This anthology is one of those must reads in the times we happen to be living in, when those insider-outsider controversies are doing the rounds, when citizenship rows are the talk of the day, when the very term nationalism is getting hijacked by the political mafia controlling the very existence of hundreds and thousands of us.
To quote Preeti Gill, “Who is an Indian really? Why are we made to wear our nationality, our identity, on our sleeve? Why are we required to constantly prove ourselves as Indian nationalists,as patriotic citizens? Can we not just be human, people who live together as neighbours, very different, very distinct, but still inhabiting the same space in a peaceable, gracious way?”
In fact, Samrat elaborates on the insider-outsider factor in the preface to this anthology, “Among the stories from North-East India, a compelling and untold bunch revolves around the experiences of the ‘outsiders’ in the region. This is a fascinating case of role reversal; people from communities that are majorities in India or the countries around its North-East live in the region as oft-persecuted minorities. Theirs is a story, that begins, typically, with the partition of Indian in 1947. It is a story of those who suddenly, with drawing of new international borders, found themselves as nowhere people in hostile lands. These people and their descendants are still, seventy two years on, victims of Partition. Their experience of being and becoming refugees is, two or three generations later, still not over — the debate over the National Register of Citizens in Assam is proof.”
Yes, never before as in these so called hyped ‘developed’ times that we are witnessing this turbulent phase! Compounded by the politics of the day; chaos and confusion reigns on the insider-outsider issue. To quote Samrat on this, “The dividing lines between the insider and the outsider are often confusing and unclear, even for those who have grown up experiencing being the ‘othered.’ In the hills of the region, in towns such as Shillong for instance, the clash was often seen as one between tribal insiders and non- tribal outsiders. However the Chakma tribals, the Chin tribals, and the tea tribes of Assam have all faced the outsider tag in the North East, and the discrimination that goes with it.”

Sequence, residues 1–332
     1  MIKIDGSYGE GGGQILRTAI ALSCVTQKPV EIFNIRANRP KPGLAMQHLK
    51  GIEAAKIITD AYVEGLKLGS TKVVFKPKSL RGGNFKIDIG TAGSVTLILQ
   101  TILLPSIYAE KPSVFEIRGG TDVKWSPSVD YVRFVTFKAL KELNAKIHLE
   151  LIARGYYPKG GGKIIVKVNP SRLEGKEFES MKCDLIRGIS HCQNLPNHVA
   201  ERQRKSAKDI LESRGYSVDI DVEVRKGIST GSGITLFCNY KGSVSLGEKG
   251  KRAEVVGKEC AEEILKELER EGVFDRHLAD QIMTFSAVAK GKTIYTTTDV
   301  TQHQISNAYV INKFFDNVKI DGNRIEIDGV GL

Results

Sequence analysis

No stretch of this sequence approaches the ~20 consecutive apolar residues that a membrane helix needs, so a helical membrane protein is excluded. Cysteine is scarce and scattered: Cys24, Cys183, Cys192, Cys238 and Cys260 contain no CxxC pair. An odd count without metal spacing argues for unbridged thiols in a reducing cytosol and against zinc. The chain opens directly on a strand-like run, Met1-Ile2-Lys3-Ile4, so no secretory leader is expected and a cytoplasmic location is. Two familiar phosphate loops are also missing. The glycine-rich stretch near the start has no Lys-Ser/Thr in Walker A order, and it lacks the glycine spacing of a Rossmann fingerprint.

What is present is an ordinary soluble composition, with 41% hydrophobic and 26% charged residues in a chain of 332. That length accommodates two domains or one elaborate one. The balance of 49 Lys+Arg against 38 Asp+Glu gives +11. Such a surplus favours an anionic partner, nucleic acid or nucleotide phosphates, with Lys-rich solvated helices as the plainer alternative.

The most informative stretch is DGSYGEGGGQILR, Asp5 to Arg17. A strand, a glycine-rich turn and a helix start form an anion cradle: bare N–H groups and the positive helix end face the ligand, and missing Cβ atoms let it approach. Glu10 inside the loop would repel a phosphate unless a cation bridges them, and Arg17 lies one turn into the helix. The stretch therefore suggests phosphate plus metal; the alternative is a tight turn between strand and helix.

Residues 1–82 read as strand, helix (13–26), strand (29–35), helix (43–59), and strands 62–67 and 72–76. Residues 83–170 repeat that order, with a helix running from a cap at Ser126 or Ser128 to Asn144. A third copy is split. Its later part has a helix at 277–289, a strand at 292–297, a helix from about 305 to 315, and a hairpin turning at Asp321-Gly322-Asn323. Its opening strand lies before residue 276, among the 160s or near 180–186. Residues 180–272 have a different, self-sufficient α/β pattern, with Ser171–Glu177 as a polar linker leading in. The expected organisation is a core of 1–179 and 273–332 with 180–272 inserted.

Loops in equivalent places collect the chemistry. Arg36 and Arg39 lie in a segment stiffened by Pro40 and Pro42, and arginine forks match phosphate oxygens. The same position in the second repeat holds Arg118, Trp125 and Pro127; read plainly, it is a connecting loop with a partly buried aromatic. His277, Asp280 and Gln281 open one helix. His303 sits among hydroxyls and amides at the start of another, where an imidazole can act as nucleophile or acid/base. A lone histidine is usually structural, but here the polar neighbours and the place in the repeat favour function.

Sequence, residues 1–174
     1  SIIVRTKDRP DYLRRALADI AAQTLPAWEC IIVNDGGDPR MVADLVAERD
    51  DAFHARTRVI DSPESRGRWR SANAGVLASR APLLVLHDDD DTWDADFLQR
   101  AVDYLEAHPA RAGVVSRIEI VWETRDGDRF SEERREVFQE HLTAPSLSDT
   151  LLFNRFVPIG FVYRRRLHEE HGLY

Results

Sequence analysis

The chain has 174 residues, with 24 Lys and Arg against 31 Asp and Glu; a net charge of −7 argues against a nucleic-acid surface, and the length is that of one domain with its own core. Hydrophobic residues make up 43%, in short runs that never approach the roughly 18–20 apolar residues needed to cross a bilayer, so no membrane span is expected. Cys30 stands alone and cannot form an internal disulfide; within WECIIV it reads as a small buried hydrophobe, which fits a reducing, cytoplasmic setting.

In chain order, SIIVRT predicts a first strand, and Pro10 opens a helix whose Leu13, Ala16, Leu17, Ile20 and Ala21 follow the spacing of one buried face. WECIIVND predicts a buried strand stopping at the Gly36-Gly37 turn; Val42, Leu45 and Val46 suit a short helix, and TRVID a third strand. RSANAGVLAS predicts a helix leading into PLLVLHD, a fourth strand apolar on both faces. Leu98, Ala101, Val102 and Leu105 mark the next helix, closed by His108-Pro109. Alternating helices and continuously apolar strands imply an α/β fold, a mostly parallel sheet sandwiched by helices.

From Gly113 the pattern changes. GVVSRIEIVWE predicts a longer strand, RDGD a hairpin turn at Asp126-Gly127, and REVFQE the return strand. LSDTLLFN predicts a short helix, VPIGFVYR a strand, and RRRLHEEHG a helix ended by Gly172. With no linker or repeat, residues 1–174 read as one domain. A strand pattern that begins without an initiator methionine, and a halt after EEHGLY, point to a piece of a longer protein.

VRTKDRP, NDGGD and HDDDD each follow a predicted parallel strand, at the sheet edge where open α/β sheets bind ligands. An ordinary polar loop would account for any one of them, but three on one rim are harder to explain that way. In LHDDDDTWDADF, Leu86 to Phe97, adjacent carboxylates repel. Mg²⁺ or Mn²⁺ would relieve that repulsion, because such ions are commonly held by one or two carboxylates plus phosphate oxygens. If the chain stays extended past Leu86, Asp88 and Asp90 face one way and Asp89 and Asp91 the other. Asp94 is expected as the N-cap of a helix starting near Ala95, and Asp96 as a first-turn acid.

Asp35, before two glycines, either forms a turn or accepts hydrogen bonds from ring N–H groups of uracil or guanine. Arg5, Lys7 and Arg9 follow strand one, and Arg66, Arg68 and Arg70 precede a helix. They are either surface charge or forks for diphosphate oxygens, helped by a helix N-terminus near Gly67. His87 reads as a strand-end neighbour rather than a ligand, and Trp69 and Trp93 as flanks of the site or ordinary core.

In fact, Samrat goes on to dwell on the complexities involved. After all, there are not just religious or regional identities involved but even linguistic and, of course, the big question focusing on the entire controversy of migration.
If one were to read the varying essays tucked in this anthology, several of the complexities connected to the insider-outsider issue, are bound to get cleared… yes, that haze gets clear. There is a whole range of thoughts and voices and sentiments and, of course, emotions.
Several of the essays are personal accounts and they are excellent and almost immediately connects one to the prevailing realities that entire families and clans have faced, rather are still facing in the North-East.
Space constraints come in way, otherwise I am more than tempted to quote from the essays of Anjum Hasan, Sonal Jain, Mahua Sen, Shalim M. Hussain, Mitra Phukan, Jahnavi Barua, Sanjoy Hazarika, Suhas Chakma, Ankush Saikia, Neeta Singh, Anindita Dasgupta …the list of the authors to this anthology is long and this in itself is a very positive sign, for there is a whole range of views and viewpoints, together with the backgrounders that carry details to an array of upheavals and turmoil and realities. In fact, each single essay in this anthology carries stories coupled with inputs which carry the vital inputs to this region and its people.
In fact, such books should be introduced at the school and college levels so that we get to grasp the finer picture to the North East. As of now, most of us sit ignorant to the ground realities and the prevailing situation in these states. As I have mentioned before it’s a must read, if we want to understand and grasp the complexities involved on the insider outsider front!
And I simply loved to see that this book has been dedicated to – ‘To the people of North-East India…all of them, Dkhars and Bongols, indigenous and migrants.’